For those with a need of a hobby, a full-time occupation, and/or a passion for the Kafkaesque, then by all means make an essay at getting a work permit in a Latin American country. With this said, ‘naturalisation’ - ie the legal right to work and reside, which is strictly necessary in, say the EU or the US and Canada, is not paid much attention to in Latin America. For all practical purposes, you do not really need a work permit to work, and….. you will not get a work permit unless you have a job, and will not get that kind of job unless you have a work permit. Your application often must be made in your country of origin, but since language schools do not, as a rule, recruit abroad - they want to see you in the flesh before offering a contract - your chances of becoming legally ‘naturalised’ are slim.
In Mexico in particular, ‘visitors’ are not allowed to do any remunerative work, though NAFTA makes the situation a little easier for Canadians and Americans. This means that getting a regular job with a high school, for example, is difficult and that the un-naturalised gravitate towards private language institutes and private tuition.
Amongst the requirements for a work permit is a CV in Spanish, and notarised TESOL and undergraduate degree certificates, which have been certified by the Mexican Consulate. This costs anything from $100 to $700, depending on who you see and under what circumstances. In general ninety-day tourist visas can be renewed in Mexico by approaching the relevant authorities and demonstrating that you have sufficient funds to reside. Otherwise, you are looking at a cross-border trip.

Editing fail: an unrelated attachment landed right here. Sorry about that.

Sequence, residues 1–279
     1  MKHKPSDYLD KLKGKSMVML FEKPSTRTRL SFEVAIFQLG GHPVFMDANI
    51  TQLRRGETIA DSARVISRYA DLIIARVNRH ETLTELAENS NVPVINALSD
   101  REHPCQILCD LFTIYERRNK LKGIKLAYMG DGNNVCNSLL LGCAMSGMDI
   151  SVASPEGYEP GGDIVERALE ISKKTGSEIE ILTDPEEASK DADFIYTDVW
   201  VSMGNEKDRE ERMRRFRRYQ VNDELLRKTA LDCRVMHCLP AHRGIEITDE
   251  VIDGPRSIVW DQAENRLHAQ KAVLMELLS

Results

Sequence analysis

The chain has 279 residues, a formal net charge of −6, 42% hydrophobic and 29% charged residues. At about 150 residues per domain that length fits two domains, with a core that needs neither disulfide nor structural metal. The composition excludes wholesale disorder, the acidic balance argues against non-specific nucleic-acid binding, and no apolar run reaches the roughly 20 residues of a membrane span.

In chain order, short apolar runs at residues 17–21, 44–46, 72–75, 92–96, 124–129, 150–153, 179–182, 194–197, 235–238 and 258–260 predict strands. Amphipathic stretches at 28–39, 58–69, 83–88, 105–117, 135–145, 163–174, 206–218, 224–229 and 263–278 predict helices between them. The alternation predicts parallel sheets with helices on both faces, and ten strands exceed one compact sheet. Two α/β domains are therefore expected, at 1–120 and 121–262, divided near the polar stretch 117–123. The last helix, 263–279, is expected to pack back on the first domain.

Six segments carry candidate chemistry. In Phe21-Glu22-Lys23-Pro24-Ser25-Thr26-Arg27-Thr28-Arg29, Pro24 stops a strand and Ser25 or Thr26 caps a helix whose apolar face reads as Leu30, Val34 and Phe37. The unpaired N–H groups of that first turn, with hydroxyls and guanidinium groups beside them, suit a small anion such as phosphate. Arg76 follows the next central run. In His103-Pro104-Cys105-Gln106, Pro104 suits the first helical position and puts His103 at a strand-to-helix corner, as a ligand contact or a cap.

Perhaps the wise job-seeker, in the best of all possible Latin American worlds directs their attention to their visa requirements and entitlements. This will depend on what your country of origin has fixed up with Mexico. You can find all about this from your local embassy. Think about also what you have to do to renew your visa, and how, and in what way, can you renew your tourist visa?
The bottom line is: don’t worry! All will become crystal clear once you embark on the process.
Mexico City: Heaven and Hell. The world’s third largest metropolis, boasting fabulous museums, magnificent colonial and modern architecture, and marcha - nightlife - second to none. It is, however, very polluted, and there is dire poverty in striking contrast to its magnificent splendour. A ‘must’ for a visit, but it will depend on your tastes as to whether you make it your home.
To get away from it all, the beautiful people of Mexico City head out over the mountains - not to be travelled at night - to live it up a little in Acapulco. Not really a backpacker’s paradise, more a resort for the Mexican great and the good, who tolerate, but don’t have much to do with the large influx of Gringos. Flash hotels, cliff diving, and water-sports of every variety abound. Cheap hostels do not!